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Vibrations - Rayleigh-Ritz Method Admissible Functions

  1. Nov 16, 2014 #1
    Hi everyone,

    I'm having a bit of difficulty choosing an admissible function for a fixed-fixed nonuniform bar.

    I chose the function φ(x) = 1 - cos(2πx/L).

    But when solving for the the stiffness and mass coefficients:

    kij = ∫EA(x)φiφjdx

    mij = ∫ρ(x)φiφjdx,

    I am not sure where I should have the "i" and "j" in my function.

    In an example for a fixed-free beam, the function that was given was:

    φ(x) = sin(πx/2L), which was changed to φi(x) = sin[((2i-1)πx)/2L].

    Should I choose my function to be φi(x) = 1 - cos(2πix/L)? And why?
  2. jcsd
  3. Nov 16, 2014 #2
    Your choice for phi(x) defined only a single function. Your process requires a whole family of functions (i=1,2,3,...), each of which satisfy the boundary conditions. Try to use your original idea, but extend it to a family.
  4. Nov 16, 2014 #3
    Thank you for the quick response Dr. D!

    So in that case, could I choose a function (like before):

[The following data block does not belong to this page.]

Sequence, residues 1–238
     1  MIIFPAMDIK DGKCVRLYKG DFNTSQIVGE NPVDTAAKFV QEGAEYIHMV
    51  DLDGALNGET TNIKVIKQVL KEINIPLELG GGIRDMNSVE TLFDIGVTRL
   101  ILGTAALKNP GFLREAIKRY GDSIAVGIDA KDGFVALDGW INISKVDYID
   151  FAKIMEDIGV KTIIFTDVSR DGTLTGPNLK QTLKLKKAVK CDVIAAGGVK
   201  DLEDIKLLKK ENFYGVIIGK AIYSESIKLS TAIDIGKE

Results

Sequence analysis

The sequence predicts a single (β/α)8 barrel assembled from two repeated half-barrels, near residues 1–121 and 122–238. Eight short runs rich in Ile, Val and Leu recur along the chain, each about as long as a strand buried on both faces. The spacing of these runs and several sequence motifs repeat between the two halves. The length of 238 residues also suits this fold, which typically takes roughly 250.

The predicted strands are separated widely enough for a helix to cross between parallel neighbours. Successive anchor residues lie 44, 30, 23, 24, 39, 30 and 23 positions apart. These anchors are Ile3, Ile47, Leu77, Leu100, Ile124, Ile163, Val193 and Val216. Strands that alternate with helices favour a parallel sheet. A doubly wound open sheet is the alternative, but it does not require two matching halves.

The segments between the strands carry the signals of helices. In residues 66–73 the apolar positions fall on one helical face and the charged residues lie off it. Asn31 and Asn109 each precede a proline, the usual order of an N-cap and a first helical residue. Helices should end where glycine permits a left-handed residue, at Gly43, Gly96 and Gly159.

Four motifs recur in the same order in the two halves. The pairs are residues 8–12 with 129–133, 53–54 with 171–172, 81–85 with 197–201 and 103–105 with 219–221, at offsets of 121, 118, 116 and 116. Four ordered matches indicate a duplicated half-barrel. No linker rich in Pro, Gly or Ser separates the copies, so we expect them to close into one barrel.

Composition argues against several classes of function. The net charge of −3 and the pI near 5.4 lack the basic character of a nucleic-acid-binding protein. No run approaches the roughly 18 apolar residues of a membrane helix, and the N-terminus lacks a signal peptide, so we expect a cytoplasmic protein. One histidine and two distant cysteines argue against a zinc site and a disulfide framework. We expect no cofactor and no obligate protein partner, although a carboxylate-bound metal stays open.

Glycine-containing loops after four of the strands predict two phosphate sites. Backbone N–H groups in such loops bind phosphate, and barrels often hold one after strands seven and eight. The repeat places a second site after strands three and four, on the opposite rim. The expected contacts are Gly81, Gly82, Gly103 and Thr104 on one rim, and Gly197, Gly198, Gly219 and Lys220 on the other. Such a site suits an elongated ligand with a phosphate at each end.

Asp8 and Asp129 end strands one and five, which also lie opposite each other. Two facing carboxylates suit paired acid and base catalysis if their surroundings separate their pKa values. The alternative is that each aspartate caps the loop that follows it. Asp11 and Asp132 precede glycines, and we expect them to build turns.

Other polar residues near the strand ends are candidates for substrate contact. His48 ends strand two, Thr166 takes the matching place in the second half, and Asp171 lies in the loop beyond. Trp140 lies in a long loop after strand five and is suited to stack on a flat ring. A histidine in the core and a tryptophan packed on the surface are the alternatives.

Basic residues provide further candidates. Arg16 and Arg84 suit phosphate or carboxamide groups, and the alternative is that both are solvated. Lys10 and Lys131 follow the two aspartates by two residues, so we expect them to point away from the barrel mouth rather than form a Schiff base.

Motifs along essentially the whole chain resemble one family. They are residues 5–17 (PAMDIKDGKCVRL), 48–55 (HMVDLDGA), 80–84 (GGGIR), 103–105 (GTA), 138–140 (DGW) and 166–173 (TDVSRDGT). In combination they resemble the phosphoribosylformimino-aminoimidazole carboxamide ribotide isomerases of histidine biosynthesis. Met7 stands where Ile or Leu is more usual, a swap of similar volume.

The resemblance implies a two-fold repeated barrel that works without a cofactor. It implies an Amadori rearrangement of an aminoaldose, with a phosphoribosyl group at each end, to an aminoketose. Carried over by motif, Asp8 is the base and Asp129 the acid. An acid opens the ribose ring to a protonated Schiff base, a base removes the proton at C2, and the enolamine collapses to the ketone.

φi(x) = 1 - cos(2πix/L), i = 1,2,3,...
    φj(x) = 1 - cos(2πjx/L), j = 1,2,3,...

    Where they would end up being

    φ1(x) = 1 - cos(2πx/L)
    φ2(x) = 1 - cos(4πx/L)
    φ3(x) = 1 - cos(6πx/L)...

    Thank you!
  5. Nov 16, 2014 #4
    I think you've got it!
  6. Nov 16, 2014 #5
    Great! Thank you so much!

    If I may ask one more slightly related question:

    If I am using the Assumed Modes method for N=4, for the stiffness and mass coefficients, do the i and j just need to add up to 4?

    For example, I could use:

    mij = m1,3
    mij = m2,2

    I'm not sure if that question is clear, as the book did not explain how to get the number of terms. If this is the correct way, does is matter whether I use 1,3 or 2,2?
  7. Nov 16, 2014 #6
    I'm not familiar with your terminology, but N=4 suggests to me that i = 1,2,3,4 and j = 1,2,3,4, so that all the combinations are involved.
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